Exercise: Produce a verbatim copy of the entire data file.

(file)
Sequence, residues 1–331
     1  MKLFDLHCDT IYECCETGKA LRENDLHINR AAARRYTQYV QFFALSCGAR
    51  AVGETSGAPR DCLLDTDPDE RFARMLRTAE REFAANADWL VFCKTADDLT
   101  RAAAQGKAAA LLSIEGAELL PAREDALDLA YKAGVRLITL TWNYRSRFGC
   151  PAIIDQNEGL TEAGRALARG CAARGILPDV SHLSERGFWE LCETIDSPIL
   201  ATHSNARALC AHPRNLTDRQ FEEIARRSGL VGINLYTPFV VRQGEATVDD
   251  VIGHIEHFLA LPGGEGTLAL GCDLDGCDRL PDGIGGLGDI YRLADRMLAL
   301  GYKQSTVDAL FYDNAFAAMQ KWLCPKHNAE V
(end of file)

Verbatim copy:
Sequence, residues 1–331
     1  MKLFDLHCDT IYECCETGKA LRENDLHINR AAARRYTQYV QFFALSCGAR
    51  AVGETSGAPR DCLLDTDPDE RFARMLRTAE REFAANADWL VFCKTADDLT
   101  RAAAQGKAAA LLSIEGAELL PAREDALDLA YKAGVRLITL TWNYRSRFGC
   151  PAIIDQNEGL TEAGRALARG CAARGILPDV SHLSERGFWE LCETIDSPIL
   201  ATHSNARALC AHPRNLTDRQ FEEIARRSGL VGINLYTPFV VRQGEATVDD
   251  VIGHIEHFLA LPGGEGTLAL GCDLDGCDRL PDGIGGLGDI YRLADRMLAL
   301  GYKQSTVDAL FYDNAFAAMQ KWLCPKHNAE V